Federal subsidies distributed unequally among provinces: Fraser Institute

Quebec, Atlantic provinces disproportionally benefit from hidden equalization

TORONTO – A number of federal programs distribute subsidies unequally among provinces, says a study released by public policy think-tank, the Fraser Institute.

The study Unseen Equalization: Provincial Subsidies in Federal Programs by David MacKinnon, a retired public servant and well-known commentator, spotlights six hidden forms of equalization, outside the official equalization program.

“Many of the federal programs containing hidden provincial subsidies disproportionately support provinces east of the Ottawa River, especially Atlantic Canada, at the expense of provinces in the west. Yet this phenomenon receives little attention and is poorly understood, even among experts,” MacKinnon said.

Immigration settlement

In 2010, BC, Alberta and Saskatchewan experienced significant funding shortfalls, relative to immigration patterns. BC received 13% of settlement funding while welcoming 18% of Canada’s immigrants. Conversely, Quebec also welcomed 18% of Canada’s immigrants in 2010 but received 28% of settlement funding.

“In the 1990s, immigrant support in Quebec was grossly overfunded by the federal government. The gap has closed somewhat, but bias in favour of Quebec persists,” MacKinnon said.

Employment Insurance

Benefits vary from province to province depending on regional unemployment rates, creating different thresholds for Canadians in similar situations.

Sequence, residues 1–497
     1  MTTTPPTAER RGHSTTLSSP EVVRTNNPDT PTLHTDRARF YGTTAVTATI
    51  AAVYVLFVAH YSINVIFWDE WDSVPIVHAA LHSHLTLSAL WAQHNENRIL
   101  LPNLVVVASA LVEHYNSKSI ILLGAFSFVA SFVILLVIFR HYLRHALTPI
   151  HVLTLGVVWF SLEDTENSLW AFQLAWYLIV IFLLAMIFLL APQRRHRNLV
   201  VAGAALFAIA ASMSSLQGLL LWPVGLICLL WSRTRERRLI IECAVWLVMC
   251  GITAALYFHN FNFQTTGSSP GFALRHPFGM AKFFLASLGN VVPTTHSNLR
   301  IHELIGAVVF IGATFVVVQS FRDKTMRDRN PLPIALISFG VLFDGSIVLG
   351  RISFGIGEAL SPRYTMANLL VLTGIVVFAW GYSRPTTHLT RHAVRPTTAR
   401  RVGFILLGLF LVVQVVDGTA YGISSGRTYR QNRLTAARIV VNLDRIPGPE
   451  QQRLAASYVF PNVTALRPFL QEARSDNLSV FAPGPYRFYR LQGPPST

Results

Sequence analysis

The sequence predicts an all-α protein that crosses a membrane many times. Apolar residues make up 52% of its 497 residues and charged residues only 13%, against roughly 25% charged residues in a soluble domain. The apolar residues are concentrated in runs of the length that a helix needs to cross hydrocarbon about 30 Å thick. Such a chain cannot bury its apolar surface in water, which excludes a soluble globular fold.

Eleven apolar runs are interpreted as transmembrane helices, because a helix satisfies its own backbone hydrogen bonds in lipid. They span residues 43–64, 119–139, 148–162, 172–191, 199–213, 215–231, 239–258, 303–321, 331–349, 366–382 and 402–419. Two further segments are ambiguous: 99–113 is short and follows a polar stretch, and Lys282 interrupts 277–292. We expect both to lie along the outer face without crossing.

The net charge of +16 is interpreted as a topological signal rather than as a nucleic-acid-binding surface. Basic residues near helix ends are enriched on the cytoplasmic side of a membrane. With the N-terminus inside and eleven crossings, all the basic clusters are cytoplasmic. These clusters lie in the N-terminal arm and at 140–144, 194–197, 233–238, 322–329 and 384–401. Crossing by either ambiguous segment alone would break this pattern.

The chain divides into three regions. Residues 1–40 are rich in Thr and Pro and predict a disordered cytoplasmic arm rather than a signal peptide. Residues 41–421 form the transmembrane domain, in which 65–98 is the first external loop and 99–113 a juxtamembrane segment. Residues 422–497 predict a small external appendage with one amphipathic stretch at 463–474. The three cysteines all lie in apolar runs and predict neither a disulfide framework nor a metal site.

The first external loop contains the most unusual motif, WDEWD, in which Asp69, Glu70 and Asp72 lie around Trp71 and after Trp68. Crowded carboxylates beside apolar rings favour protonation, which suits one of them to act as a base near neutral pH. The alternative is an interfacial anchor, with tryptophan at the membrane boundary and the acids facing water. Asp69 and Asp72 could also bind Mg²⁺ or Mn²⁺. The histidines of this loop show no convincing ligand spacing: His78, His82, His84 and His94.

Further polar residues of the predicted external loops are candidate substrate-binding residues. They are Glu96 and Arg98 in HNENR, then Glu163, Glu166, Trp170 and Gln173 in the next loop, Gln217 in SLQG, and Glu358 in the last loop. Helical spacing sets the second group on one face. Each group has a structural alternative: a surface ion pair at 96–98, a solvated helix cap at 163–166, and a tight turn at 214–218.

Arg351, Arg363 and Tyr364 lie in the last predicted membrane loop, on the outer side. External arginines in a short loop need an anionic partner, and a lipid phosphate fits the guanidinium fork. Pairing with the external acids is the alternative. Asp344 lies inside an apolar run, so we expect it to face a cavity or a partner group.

“A self-employed graphics designer in Medicine Hat doesn’t get EI, but a self-employed fisher in Tignish does,” MacKinnon said.

Ontario, Alberta, Manitoba, Saskatchewan and BC are “net contributor” provinces, meaning they give more to the EI program than they receive. Ontario workers and employers in 2010 paid more than 40% of all EI premiums, and Alberta was the largest net contributor ($390 per capita). Quebec and all four Atlantic provinces remain net recipients. Newfoundland and Labrador is the largest net recipient, receiving $846 per capita in 2010.

Disproportionate federal employment as a subsidy

The geographic location of federal employees has a dramatic effect on the flow of federal funds. Prince Edward Island has the highest rate of federal employment relative to population (24 federal employees per 1,000 residents). Ontario has the lowest (3.4 per 1,000 residents), roughly 85% lower than PEI. Some categories of federal employees are bound geographically to regions (federal offices in the Ottawa area, Department of Fisheries and Oceans, naval facilities and foreign embassies).

“But the remainder of offices, and subsequently, employees should be spread evenly across the country, and any substantial deviations from such a pattern should be considered a form of subsidy,” MacKinnon said.

Regional economic development agencies

The federal funding of regional development strongly favours Quebec and Atlantic Canada, continuing a trend of disproportionate support for provinces east of the Ottawa River.

Download a full copy of the report here.